The Wyckoff Method Step 3
Step Three of the Wyckoff Method
Step three of the Wyckoff method is intended to help traders avoid marginal trades. Wyckoff teaches us to select only those issues that have built a cause. A cause can be defined in more than one way.
In step three, Wyckoff is referring to the use of a figure chart to get an indication as to how far from its current level, the price of an issue is likely to move. This indication is derived by taking a count on a figure chart.
While an issue is in preparation for a move, its action produces a horizontal formation on a figure chart. The horizontal formation contains the count. When the price has completed its preparation and begins to move out of the area in which the preparation was done, the count has been completed and can be measured. To measure the count, the trader selects the appropriate price level within the horizontal formation and simply counts the number of horizontal divisions on the chart beginning at the right side of the formation and ending at the left side of the formation. The trader counts all the horizontal divisions both those that have a posting in them and those that do not. The total number of horizontal divisions is the count. It provides an indication as to how far from the level at which the count was taken the price is likely to move.
If the price leaves the zone of preparation, normally referred to as the trading range, to the up side, Wyckoff says to add the count to the level at which it was measured to get an indication as to how high the price is likely to go. If the price leaves the trading range to the down side Wyckoff says to subtract the count from the level at which it was measured to get an indication as to how low the price is likely to go.
The anticipated ending point of a move indicated by a count is called its objective. An objective may be a single level, but is more often than not a range of values referred to as the objective range. If a count for an advance is taken at the very bottom of the trading range, it will indicate a single level as the objective of the move. However, if the count is taken at some other level within the trading range, the result will be an objective range.
This range is determined by adding the count to the level at which it was measured and by adding it to the lowest level in the trading range. If a count for a decline is taken at the very top of the trading range, it will indicate a single level as the objective of the move. If the count is taken at a lower level in the trading range, the result will be an objective range. In this case, the objective range is determined by subtracting the count from the level at which it was measured and by also subtracting it from the highest level in the trading range.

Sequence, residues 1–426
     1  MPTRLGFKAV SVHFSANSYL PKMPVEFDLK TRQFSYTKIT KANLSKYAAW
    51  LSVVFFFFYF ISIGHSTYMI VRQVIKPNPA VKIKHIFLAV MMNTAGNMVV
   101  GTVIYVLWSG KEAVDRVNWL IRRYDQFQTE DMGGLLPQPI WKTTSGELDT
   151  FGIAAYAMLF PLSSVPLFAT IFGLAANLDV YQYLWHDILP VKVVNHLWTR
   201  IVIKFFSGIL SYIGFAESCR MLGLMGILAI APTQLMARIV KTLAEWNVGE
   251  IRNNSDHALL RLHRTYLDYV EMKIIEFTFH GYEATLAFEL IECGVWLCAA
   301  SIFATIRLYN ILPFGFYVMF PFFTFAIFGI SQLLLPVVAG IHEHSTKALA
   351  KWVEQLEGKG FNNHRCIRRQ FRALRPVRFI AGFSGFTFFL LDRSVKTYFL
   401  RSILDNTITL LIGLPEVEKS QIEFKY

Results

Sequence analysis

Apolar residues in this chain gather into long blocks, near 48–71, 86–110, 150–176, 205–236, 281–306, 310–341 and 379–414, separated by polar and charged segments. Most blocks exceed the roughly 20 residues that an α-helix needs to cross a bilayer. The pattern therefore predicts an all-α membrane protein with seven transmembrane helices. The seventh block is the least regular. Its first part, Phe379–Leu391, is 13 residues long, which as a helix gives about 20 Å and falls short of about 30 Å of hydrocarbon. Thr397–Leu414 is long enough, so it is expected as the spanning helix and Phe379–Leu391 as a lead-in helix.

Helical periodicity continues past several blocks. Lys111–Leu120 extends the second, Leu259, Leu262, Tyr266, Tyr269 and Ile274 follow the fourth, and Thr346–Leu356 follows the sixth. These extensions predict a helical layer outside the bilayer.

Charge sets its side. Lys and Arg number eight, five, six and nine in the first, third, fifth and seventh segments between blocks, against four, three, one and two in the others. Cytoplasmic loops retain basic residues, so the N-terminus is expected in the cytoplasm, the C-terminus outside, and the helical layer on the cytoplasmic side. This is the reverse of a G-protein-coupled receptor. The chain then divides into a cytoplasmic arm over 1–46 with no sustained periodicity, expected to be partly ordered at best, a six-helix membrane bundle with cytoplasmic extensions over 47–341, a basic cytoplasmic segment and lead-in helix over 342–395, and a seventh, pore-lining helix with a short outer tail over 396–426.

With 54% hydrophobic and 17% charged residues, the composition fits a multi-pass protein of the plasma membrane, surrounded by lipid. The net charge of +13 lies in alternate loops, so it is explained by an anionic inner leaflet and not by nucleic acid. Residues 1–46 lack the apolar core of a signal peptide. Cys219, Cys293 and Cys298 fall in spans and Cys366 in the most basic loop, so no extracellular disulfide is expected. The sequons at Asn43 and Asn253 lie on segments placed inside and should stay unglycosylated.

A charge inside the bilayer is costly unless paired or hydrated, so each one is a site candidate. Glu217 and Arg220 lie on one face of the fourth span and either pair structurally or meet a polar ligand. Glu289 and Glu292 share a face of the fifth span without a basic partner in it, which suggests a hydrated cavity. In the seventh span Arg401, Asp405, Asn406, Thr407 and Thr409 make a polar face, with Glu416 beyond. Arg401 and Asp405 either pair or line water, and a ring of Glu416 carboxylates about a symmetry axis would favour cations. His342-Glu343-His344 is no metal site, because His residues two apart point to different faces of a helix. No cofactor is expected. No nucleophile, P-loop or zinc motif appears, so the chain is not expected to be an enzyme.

Individual issues are not the only place were counts are taken and objectives are measured. They can also be taken and measured for a general market index. If a trader is operating in the options or futures derived from an index, it is essential that the trader take a count and determine an objective for the index that is being traded. When the index reaches its objective range, the move is likely to end and the position in the derivative trading vehicle can be closed. Measuring counts and determining objectives on the underlying index usually provides more reliable indications than does taking the counts and determining objectives on the particular trading vehicle that has been selected.
Traders who only operate in individual issues should not ignore the indications for the general market. Situations where both the general market and an individual issue are indicating an objective above or below current levels are the most desirable. If the market and an individual issue both have higher or lower objectives, the movement of the market as a whole is likely to help the individual issue reach its objective. If the general market does not have an objective that is in harmony with that of an individual issue being considered, the individual issue may still reach its objective, but the odds of that happening are not as good as they are when the market has a similar objective to that of the individual issue.
Wyckoff does not provide specific directions as to how large of a count an issue should have to be considered for a trade. In making this determination, the trader needs to be realistic. If the trader only wants to hold positions for a short period of time, smaller counts should be identified with relatively nearby objectives. Identifying much larger counts with much higher or lower objectives and expecting those objectives to be reached in a short period of time is not realistic. Traders who are comfortable with the idea of holding a position for an extended period of time should also be realistic. It is a waste of time and effort for these traders to focus on small counts and nearby objectives. A trader who is willing to wait for his reward to develop should demand a larger count and more distant objective before taking a position.
All Wyckoff traders should always remember what Wyckoff says about figure charts, counts and objectives. They provide indications only. Above all else is the character of the price and volume action. If it supports the idea of the indications being realized, positions can and should be held. However, if the character of the action does not support the idea of the indications being realized, positions should be closed.
© The Jamison Group, Inc.: Trade the Stock Market- Step three of the Wyckoff Method